As kids grow up, chances are they’ll want their own space. If you don’t have enough bedrooms in your house for each child to have their own, the only way to allow privacy is to divide a shared bedroom into two. The larger the room, the easier it will be to divide, but even small bedrooms can work as two separate spaces if you choose the right dividers.
Divide the room with a piece of furniture. A tall bookcase, an armoire or even a window screen can work. If you use an open pieces of furniture, such as a bookcase, fill it with boxes, books or toys, so there’s some sense of privacy on each side.
Paint each half of the room in a different color. Use matching tones if you don’t want a stark contrast. Home and Garden TV recommends placing a bookshelf to divide the space, then painting each half of the room in different colors to further mark the division. To unite the room somewhat, paint the whole room a base color and then let kids personalize their halves of the room with stripes in their chosen colors. Or paint each half of the room a different color, but paint all door and window trims the same color so the whole room comes together.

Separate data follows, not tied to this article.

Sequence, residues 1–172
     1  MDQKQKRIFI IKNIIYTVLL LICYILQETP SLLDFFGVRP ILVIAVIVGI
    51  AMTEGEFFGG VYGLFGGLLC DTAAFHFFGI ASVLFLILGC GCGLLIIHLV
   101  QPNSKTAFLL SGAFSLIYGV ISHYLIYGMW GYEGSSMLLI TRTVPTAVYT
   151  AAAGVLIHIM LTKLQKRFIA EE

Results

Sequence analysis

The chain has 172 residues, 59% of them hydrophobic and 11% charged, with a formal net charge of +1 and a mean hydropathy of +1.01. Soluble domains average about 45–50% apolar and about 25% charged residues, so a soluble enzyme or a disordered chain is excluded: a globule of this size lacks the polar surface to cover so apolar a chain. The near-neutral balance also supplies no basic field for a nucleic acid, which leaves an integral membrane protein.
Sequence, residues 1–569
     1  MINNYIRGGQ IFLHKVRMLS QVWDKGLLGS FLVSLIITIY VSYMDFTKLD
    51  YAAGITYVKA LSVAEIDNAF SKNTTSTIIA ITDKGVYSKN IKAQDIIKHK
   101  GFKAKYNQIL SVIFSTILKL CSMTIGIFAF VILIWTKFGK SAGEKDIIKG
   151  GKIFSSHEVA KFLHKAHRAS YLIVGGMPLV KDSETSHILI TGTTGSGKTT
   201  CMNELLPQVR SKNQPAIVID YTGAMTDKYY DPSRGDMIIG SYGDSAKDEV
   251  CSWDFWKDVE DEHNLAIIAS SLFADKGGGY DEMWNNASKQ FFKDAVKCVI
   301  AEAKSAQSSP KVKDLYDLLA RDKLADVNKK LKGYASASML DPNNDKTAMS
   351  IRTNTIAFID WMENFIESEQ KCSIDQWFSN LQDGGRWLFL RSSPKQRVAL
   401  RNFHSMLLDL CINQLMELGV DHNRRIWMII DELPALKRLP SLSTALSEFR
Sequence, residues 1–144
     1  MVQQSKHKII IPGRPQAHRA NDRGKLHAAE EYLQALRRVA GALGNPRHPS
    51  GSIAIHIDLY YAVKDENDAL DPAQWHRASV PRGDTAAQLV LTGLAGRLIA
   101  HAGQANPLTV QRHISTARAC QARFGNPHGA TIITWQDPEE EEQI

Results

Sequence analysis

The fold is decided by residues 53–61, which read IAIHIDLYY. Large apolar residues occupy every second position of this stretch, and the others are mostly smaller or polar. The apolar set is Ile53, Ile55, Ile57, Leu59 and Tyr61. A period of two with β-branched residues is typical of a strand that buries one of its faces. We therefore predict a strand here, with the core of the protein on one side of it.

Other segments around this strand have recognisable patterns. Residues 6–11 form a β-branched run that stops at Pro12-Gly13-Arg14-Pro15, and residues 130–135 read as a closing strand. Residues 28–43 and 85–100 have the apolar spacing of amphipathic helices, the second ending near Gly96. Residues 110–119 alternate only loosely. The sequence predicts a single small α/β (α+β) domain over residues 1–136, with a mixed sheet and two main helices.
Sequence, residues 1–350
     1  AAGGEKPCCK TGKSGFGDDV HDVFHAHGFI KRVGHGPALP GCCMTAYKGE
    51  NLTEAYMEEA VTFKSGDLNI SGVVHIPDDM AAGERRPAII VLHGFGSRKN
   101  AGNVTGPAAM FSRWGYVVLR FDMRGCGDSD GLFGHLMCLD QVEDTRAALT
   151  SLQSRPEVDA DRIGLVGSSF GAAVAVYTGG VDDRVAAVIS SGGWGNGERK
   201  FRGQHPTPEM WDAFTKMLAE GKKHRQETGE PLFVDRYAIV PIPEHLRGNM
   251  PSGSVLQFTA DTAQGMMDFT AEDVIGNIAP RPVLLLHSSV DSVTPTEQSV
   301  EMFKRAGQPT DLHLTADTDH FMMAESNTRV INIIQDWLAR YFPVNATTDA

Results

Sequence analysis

Put the heads of the two beds together. Place the two headboards against each other so the beds face in opposite directions, and the view from each bed will feel very private. Choose tall headboards, or make your own using plywood and paint it or cover it with cloth.
Give each child his own pieces of furniture. Have two dressers, two small wardrobes and two small chairs or sitting areas. Place each child’s pieces on his side of the room. This will increase the feeling of separation.
Give each child her own lighting fixtures. This will avoid fights over the ceiling lights when one kid wants to read and the other wants to sleep. Floor or table lamps on each side of the divider will do the trick.
Use heavy drapes to divide the room. Home furnishing and construction stores often sell rails you can attach to the ceiling to suspend a curtain or drapes. These rails are often simple to install, and you should be able to do it yourself with just a few basic tools.
Tammy Dray has been writing since 1996. She specializes in health, wellness and travel topics and has credits in various publications including Woman's Day, Marie Claire, Adirondack Life and Self. She is also a seasoned independent traveler and a certified personal trainer and nutrition consultant. Dray is pursuing a criminal justice degree at Penn Foster College.